“And when you lie down, and when you rise up” – the simple meaning is that one should say these verses at all times, be it when one goes to sleep or when one awakens from sleep, and most certainly when one is awake and active. However, this verse is also the basis for the halachic injunction about the set times for reciting shema. Shema should be recited at the times which are stated explicitly in this verse: at night, when it is time for lying down, and in the morning, when it is time to rise.
The verse “And you shall bind them for a sign upon your arm, and they shall be as frontlets between your eyes” is a practical expression of attachment, in the action of putting on tefillin, which contain parchments with this and a few other Torah portions. The tefillin are tied onto the arm as a symbol of attachment and acceptance of yoke, and on the head – as a crown of glory.
Another practical expression of the attachment to God is “You shall write them upon the doorposts of your house and on your gates” – namely, by writing these Torah portions on mezuzah parchments and placing them on the doorposts of the houses and the city gates.
Yet just as these verses teach us about the literal way of implementation (tefillin, mezuzah), they are also meant to teach us about the way of life in general, namely, that the words of Torah must be bonded and intertwined with man, in all things that are attached to his own self and in every way that makes the words of Torah known to others.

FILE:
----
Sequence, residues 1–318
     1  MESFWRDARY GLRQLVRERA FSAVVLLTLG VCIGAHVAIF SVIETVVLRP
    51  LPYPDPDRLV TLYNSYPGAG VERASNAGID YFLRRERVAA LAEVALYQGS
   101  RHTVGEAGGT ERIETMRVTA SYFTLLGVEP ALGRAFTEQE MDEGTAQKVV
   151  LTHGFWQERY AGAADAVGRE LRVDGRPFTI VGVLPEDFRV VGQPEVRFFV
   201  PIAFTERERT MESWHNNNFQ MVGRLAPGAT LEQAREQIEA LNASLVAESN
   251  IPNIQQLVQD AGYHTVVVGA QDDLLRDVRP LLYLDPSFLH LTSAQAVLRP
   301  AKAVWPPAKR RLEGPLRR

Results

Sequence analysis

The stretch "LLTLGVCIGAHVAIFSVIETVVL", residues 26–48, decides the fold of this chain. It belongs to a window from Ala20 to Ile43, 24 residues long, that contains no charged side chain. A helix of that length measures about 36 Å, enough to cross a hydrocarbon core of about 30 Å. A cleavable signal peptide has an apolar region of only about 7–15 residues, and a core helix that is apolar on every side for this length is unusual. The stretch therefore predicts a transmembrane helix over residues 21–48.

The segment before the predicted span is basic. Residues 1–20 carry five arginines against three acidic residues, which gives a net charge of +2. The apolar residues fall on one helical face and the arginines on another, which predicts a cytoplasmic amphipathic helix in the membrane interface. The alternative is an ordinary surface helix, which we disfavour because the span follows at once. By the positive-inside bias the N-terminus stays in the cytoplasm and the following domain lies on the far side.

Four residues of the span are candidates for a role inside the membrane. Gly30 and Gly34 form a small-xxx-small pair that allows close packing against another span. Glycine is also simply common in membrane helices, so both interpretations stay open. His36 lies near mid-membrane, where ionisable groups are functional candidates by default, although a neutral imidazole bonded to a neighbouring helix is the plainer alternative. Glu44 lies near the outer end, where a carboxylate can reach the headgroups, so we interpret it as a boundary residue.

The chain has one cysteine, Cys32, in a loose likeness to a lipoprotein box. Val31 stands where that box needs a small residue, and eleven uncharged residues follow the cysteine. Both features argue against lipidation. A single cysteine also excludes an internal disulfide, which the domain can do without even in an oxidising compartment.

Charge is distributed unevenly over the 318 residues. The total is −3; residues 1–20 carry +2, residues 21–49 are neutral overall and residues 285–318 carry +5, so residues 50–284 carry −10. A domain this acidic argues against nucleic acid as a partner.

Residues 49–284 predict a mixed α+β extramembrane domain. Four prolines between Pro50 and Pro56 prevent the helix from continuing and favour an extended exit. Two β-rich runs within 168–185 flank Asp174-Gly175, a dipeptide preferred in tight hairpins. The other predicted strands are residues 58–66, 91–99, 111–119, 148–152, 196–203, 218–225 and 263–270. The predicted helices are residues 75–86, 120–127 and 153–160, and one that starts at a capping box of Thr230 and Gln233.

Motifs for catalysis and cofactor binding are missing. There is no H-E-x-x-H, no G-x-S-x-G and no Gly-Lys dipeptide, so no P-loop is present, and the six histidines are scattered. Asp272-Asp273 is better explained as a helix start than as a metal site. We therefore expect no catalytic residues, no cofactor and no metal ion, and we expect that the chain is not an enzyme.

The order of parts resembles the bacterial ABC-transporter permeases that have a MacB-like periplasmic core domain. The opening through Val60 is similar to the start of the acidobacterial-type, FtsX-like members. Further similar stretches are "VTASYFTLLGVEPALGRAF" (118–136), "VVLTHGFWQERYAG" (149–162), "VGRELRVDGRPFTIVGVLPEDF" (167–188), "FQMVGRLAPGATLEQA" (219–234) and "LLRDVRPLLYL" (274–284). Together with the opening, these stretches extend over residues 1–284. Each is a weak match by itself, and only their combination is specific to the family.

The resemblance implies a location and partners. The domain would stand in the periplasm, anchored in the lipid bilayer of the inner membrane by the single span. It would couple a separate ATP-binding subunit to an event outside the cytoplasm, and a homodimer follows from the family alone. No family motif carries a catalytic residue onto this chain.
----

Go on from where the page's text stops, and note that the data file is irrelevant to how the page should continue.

The recitation of shema is defined in Jewish tradition (Maimonides’ Sefer Hamitzvot, Positive Commandment #10) as a Torah commandment (as opposed to a Rabbinic injunction). The details of how to fulfill this commandment are to be found in Maimonides’ Mishne Torah, “Laws of Reciting Shema,” and in Shulhan Arukh, Orah Hayyim 58-55). When recited fully, it includes the following verses: Deuteronomy 6:4-9, Ibid., 11:13-21, and Numbers 15:37-41, and there are blessings which are to be recited both before and after it.
In any case, shema should be recited in a clean place, fully clothed and with a covered head.